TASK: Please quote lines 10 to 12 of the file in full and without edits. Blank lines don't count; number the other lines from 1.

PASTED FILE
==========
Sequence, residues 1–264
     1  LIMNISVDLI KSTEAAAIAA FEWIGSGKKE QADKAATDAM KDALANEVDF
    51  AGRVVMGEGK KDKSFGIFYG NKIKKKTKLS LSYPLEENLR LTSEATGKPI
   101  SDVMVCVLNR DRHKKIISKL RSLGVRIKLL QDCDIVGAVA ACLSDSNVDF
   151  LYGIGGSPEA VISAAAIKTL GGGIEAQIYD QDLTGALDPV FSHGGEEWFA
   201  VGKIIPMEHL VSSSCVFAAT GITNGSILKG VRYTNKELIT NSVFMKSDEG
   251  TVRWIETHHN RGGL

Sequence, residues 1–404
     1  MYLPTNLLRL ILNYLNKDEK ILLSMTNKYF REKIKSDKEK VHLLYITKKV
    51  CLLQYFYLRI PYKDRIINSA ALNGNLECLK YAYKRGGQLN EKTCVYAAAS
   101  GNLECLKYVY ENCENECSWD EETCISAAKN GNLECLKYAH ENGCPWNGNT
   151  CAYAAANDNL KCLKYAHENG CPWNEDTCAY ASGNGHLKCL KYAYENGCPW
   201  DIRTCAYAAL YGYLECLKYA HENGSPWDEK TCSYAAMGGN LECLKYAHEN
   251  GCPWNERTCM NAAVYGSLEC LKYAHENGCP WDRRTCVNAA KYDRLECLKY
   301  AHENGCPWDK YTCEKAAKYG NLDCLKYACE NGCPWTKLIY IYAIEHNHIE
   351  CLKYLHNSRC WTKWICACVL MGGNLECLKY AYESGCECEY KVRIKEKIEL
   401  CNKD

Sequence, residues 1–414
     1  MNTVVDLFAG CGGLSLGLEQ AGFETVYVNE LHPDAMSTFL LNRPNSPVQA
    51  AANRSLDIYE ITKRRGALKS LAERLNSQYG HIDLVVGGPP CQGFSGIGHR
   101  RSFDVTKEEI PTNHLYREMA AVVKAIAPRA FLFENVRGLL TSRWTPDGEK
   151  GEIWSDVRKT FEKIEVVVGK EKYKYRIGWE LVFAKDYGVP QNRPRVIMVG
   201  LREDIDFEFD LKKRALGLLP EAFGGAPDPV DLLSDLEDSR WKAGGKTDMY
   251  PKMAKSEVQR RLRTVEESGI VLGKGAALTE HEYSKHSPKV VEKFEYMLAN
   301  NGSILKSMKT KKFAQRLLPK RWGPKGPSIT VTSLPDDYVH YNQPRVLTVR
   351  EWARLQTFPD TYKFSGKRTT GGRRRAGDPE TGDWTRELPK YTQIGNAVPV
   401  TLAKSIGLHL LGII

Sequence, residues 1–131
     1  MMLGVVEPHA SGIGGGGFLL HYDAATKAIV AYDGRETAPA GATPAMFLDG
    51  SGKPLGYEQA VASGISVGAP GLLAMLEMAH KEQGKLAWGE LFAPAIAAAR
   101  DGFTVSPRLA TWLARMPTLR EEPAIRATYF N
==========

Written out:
    51  CLLQYFYLRI PYKDRIINSA ALNGNLECLK YAYKRGGQLN EKTCVYAAAS
   101  GNLECLKYVY ENCENECSWD EETCISAAKN GNLECLKYAH ENGCPWNGNT
   151  CAYAAANDNL KCLKYAHENG CPWNEDTCAY ASGNGHLKCL KYAYENGCPW